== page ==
Friday, 1 March 2013


My Musical Tastes
The other day, in answer to Dawn Treader’s question as to what were my musical tastes, I commented “My music tastes tend to be classical (Haydn, Mozart, Schubert, Grieg, Beethoven level, avoiding Shostakovich and what I would call discordant ones), choral (especially motets and Gregorian chant), some opera (especially Mozart again), operetta (Gilbert and Sullivan), Welsh Valleys choral music, and pop and rock and roll from the 1960s and 1970s. Which I tend to play is dependent upon my mood at the time.”  At the moment it is 1950s pop that is playing (a minute ago it Was Queen) – just to show I can’t even list all my tastes they are so eclectic.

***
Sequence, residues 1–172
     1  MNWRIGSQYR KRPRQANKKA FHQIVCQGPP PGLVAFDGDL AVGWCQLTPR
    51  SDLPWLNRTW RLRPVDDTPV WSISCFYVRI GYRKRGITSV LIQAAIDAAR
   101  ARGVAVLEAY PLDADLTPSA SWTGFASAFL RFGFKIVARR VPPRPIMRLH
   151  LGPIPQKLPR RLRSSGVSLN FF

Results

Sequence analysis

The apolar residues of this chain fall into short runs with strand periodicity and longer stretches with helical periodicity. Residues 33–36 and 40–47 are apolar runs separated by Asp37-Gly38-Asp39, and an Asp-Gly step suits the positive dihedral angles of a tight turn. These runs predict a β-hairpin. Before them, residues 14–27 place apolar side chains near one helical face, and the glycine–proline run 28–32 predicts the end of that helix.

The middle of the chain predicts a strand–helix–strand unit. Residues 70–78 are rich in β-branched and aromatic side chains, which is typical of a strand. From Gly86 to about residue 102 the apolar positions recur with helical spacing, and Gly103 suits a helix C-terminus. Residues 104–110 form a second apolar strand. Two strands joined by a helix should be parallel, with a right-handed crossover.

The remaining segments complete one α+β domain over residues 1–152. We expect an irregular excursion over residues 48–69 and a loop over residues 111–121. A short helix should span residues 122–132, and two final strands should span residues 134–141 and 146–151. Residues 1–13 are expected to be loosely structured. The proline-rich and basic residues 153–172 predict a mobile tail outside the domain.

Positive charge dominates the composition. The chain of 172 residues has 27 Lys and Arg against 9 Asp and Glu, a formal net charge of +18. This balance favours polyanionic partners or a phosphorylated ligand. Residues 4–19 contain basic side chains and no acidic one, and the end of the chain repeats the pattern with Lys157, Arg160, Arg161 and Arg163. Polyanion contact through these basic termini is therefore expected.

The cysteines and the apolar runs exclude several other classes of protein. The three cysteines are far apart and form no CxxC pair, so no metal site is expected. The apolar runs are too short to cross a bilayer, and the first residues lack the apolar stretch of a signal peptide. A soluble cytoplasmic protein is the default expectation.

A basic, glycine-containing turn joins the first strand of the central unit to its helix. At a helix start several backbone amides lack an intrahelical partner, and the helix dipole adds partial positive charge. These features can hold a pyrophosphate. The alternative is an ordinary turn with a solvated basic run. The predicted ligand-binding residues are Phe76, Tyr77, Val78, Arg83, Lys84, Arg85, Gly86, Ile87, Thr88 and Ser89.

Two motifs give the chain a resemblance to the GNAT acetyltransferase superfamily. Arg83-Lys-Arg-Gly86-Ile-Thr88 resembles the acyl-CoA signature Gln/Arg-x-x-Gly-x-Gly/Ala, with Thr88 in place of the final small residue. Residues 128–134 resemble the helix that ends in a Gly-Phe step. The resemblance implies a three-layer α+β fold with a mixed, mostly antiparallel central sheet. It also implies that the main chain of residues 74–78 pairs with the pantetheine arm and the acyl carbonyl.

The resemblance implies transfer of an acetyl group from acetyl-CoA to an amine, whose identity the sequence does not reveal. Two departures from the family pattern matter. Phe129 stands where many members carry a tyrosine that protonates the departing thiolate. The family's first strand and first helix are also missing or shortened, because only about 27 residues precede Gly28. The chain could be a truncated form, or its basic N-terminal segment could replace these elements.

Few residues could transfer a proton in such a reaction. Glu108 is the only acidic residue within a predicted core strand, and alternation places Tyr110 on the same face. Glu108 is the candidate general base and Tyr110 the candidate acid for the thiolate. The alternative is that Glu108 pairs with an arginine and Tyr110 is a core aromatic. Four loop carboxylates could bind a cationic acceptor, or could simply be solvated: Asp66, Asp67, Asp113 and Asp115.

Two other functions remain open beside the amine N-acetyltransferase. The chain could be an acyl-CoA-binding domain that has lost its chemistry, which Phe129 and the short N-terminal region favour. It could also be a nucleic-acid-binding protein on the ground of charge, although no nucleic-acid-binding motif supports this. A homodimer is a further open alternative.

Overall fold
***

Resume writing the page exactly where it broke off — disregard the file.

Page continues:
Collective nouns
I commented on Yaya’s blog posting about her grandson, Anthony, and his birthday party. “What a wonderful set of grandchildren. ('Set' of grandchildren?  What is the collective noun for grandchildren?)”  Does anyone know – or how about some suggestions?

First course soup, second course - horse…
If I could download photos from my phone (I haven’t yet learned how to do that) I would show you notice on our local bakery doorway. It made the point that the meat in their pies was locally sourced and they knew where (and what) it all came from.
The Co-op sent me an e-mail simply because I hold a customer's card. That is service.
It said "I wanted to update you following the completion of independent testing on our own-brand minced beef products.